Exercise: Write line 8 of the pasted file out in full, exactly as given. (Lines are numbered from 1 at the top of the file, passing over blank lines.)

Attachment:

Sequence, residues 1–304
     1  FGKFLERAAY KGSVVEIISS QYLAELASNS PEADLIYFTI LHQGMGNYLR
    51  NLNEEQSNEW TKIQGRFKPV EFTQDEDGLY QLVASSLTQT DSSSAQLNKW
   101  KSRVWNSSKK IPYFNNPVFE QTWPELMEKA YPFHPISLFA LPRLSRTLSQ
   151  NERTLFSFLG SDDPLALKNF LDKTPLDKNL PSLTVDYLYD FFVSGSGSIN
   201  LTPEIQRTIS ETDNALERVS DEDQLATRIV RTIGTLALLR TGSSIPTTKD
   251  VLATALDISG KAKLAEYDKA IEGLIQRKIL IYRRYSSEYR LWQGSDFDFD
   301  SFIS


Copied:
   301  SFIS